DANBURY, Conn. (CBSNewYork) — A travel ban was lifted in Connecticut after 24 hours of orders to stay off the roads, but cleanup was far from over Saturday following the blizzard that left at least five people dead, and more than 3 feet of snow in some parts of the state.
On Saturday night, Gov. Dannel Malloy submitted a request for a presidential emergency declaration.
“As we continue with the recovery from this historic winter storm, I am asking the federal government to provide us assistance with this process,” Malloy said. “If granted, this declaration would provide much needed help to our state.”
“Stay off the roads,” is still the message in the Nutmeg State. Parts of Connecticut were covered in dozens of inches of snow early Saturday, as a travel ban remained in effect until being lifted at 4 p.m.
A state of emergency remains in effect statewide.
A woman using a snowblower Friday evening was apparently hit by a car and killed in Prospect, Malloy said. The woman was believed to be 81 years old, but her identity was not released.
Also, a 73-year-old man was found dead of unknown causes in his driveway in Danbury, and a 49-year-old man apparently died while digging out his truck in Shelton and had to be taken away on a sled pulled by a snowmobile, according to a Hartford Courant report.
No information was immediately released on the other two deaths.
At a news conference late Saturday morning, Gov. Malloy said 270 National Guard troops were pressed into duty to assist with the blizzard aftermath.
There are many roads that are impassable or otherwise dangerous due to snow drifts or stalled cars, Malloy said.
“While we are lifting the ban on travel this afternoon at 4 p.m., I still want to urge residents to stay off the roads if at all possible,” Malloy later added in a news release. “Crews are out clearing roadways as we speak, but the fact is we are going to feel the impact of this storm for some time. The longer we can keep traffic out of town centers and off of our highways, the more effective our recovery effort will be. ”
Malloy said having cars on the roads only serves to slow down the clean-up effort.
“They have to stop or move around a car,” Malloy said.
As of Saturday morning, Connecticut Light & Power reported 37,214 customers without power. That number was revised around 7 p.m. to a little more than 34,000, Malloy said.
The largest number of customers without power are in the southeast portion of the state, and CL&P has amassed resources in that part of the state.
CL&P officials said due to the high winds, they were not immediately going to send crews to restore power.
Meanwhile, the danger of traveling in Connecticut was so severe Saturday that non-essential ambulance calls were to be handled at the discretion of the agency that would be dispatching the ambulances.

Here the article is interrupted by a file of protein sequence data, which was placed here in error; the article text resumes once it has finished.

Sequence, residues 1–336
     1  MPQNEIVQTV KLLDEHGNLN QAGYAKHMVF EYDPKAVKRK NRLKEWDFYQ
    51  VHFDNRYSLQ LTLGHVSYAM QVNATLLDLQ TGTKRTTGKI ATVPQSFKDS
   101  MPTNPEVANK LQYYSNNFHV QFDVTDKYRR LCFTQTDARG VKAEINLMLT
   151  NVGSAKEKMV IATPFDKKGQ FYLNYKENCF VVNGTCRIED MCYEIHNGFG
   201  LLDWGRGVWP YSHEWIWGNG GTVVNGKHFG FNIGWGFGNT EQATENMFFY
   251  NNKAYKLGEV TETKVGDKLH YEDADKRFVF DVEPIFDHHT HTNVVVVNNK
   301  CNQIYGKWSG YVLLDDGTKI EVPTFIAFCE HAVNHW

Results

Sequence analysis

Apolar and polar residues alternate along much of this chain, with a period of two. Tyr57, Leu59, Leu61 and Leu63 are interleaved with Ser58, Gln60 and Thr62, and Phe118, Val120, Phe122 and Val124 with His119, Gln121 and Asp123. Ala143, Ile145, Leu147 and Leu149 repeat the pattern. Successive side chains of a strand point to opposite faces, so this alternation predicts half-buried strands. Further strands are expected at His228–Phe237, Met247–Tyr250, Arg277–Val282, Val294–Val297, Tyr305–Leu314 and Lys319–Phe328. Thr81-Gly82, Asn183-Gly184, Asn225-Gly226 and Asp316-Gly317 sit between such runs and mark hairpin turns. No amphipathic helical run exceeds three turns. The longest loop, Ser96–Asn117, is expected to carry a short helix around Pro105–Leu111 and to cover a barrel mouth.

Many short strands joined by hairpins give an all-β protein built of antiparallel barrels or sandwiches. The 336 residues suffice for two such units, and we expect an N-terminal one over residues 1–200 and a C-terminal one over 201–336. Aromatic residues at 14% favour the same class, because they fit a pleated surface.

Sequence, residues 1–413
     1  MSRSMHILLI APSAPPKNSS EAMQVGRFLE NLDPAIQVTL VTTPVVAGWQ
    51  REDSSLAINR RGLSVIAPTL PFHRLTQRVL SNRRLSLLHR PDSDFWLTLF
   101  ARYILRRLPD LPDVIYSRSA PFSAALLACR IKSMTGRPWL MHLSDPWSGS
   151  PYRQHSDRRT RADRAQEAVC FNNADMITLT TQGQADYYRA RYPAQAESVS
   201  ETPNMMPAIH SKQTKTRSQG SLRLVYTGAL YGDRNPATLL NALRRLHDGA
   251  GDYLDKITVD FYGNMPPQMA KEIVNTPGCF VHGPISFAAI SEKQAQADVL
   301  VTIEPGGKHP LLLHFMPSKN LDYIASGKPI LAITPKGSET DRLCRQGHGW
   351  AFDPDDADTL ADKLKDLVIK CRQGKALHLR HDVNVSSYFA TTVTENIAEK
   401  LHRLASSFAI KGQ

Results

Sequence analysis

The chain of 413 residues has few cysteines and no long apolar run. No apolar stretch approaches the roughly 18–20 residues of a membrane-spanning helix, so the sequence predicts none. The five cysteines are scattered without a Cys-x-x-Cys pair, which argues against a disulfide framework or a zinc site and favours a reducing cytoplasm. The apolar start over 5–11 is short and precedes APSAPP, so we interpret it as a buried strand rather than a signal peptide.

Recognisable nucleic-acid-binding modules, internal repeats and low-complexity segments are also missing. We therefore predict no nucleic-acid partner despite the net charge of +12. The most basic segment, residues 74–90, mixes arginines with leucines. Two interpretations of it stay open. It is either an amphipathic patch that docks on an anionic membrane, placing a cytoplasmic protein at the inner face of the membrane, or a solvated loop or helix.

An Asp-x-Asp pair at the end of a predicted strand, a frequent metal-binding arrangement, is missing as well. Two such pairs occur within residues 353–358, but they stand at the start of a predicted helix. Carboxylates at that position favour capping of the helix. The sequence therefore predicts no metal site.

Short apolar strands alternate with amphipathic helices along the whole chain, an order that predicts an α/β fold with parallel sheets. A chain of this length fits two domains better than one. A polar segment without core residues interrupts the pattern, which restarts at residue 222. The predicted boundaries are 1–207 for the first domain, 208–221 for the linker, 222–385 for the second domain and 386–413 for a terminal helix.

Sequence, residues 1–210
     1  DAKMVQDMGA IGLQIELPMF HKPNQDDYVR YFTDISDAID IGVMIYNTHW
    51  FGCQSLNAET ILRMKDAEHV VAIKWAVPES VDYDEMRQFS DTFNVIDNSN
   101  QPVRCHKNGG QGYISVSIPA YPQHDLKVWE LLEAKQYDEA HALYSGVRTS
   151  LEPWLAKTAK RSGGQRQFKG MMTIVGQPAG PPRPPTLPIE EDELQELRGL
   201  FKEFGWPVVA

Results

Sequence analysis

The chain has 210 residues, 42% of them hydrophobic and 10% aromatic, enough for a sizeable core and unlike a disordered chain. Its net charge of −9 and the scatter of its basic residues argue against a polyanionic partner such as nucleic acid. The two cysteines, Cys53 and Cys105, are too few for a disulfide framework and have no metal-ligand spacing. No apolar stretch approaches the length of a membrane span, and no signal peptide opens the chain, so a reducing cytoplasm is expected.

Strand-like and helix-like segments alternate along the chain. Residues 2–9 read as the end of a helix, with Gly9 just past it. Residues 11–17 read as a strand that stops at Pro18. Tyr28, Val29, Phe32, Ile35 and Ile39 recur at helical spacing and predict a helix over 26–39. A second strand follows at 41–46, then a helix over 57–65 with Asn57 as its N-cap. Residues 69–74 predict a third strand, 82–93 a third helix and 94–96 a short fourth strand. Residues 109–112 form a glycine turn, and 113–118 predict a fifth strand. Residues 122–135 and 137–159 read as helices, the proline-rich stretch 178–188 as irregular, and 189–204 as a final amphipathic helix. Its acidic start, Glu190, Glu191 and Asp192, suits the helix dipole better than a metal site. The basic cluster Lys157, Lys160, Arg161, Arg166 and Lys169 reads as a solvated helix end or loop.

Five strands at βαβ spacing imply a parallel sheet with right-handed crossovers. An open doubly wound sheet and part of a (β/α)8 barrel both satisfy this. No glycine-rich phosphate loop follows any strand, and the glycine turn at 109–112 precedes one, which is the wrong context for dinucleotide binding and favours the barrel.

If the non-essential callers could not be reached, the ambulances could choose to not respond immediately. But crews possibly could get to some callers on four-by-fours, Malloy said.
Malloy also advised residents to keep vents on the sides of houses clear since if they become blocked with snow, carbon monoxide could back into the house.
Anyone with a hydrant on his or her property was also asked to dig it out so that a response can be affected if a fire breaks out.
Westport First Selectman Gordon Joseloff said there were concerns that the area could see widespread flooding.
“Unfortunately, we have a little water over the road near the shore areas,” Joseloff told WCBS 880 Connecticut Bureau Chief Fran Schneidau. “But generally, the flooding at high tide was minimal. We’re very grateful for that.”
As CBS 2’s Lou Young reported, the snow had stopped by 7 a.m. in Danbury. But parts of central Connecticut were still seeing narrow bands of very intense snow as a result of the historic blizzard.
“This was like ’78, back when I was 13, we had 3 feet of snow,” one man said in Ridgefield.
Totals in some areas were staggering – 38 inches in Milford, 30 in Bridgeport, and 20.5 in Danbury. More than 40 inches fell in Shelton, just west of New Haven.
Shelton residents said not since the blizzard of 1978 had they seen so much snow in one storm. One man went so far as to use a John Deere bucket loader to shovel out his car, 1010 WINS’ Al Jones reported.
Meanwhile, some people were disobeying the travel ban.
“We have pulled a few people over and, obviously, some people didn’t get the word or weren’t sure or didn’t know. We understand that, but at the end of the day, we’ve got to be able to maintain the safety of our residents and the safety of our work crews and that means people got to stay off the roads right now,” Danbury Mayor Mark Boughton told Schneidau.
Boughton said despite winds of up to 65 mph, only two power outages were reported in all of Danbury.
The next big task for the city will be plowing the parking lots of the 20 Danbury public schools in time for school on Monday, Schneidau reported.
In Fairfield, the gusty winds continued to blow ice crystals and snow every which way.
The top layer of the knee-high snow was in constant motion due to the wind, WCBS 880’s Paul Murnane reported.
Town officials said they need front-end loaders and earth-moving equipment to help get rid of the 30 inches of snow and to free police and fire vehicles as well as snow plows.
Malloy declared a state of emergency and deployed National Guard troops around the state on Friday afternoon to help with any rescues and other emergencies during the historic storm.
Young reported most were heeding the advice not to get on the roads. But many motorists didn’t have a choice, as their cars were left buried.
Widespread power outages were also seen, particularly in shoreline areas in Litchfield County and parts of Fairfield County, Young reported. Downed trees were largely to blame.
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